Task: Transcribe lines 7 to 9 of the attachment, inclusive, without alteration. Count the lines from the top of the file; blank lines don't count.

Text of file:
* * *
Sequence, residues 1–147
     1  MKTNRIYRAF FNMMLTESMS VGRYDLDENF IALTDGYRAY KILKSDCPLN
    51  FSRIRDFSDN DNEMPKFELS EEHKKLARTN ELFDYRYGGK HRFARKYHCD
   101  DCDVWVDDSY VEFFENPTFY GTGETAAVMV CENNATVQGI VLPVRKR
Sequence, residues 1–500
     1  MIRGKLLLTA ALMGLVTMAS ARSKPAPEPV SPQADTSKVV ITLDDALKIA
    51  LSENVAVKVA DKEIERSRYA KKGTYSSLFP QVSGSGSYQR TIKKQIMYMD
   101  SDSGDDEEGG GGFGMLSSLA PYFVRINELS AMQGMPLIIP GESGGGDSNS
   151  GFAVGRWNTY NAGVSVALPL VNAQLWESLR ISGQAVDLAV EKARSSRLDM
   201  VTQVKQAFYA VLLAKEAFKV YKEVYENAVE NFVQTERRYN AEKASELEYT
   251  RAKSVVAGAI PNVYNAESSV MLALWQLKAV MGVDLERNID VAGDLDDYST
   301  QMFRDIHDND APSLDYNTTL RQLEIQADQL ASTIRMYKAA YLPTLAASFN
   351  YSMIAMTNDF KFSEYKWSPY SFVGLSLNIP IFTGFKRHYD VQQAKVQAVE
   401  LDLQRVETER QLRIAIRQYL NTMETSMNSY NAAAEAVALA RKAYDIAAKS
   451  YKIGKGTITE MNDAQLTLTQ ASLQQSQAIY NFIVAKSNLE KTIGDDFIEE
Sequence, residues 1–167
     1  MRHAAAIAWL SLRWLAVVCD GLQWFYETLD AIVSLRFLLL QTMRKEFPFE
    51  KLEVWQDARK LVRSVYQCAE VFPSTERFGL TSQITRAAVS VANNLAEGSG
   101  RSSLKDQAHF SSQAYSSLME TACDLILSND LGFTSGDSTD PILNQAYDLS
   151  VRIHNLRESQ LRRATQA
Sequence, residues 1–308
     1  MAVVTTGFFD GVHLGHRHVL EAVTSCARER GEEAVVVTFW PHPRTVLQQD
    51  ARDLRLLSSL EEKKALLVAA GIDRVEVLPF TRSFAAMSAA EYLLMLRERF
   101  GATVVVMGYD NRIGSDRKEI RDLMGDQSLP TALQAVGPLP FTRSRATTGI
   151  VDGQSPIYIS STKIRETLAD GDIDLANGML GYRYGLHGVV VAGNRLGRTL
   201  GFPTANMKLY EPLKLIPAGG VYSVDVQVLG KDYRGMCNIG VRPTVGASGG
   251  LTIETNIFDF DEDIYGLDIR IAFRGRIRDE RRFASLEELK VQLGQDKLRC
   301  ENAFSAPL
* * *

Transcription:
    51  LSENVAVKVA DKEIERSRYA KKGTYSSLFP QVSGSGSYQR TIKKQIMYMD
   101  SDSGDDEEGG GGFGMLSSLA PYFVRINELS AMQGMPLIIP GESGGGDSNS
   151  GFAVGRWNTY NAGVSVALPL VNAQLWESLR ISGQAVDLAV EKARSSRLDM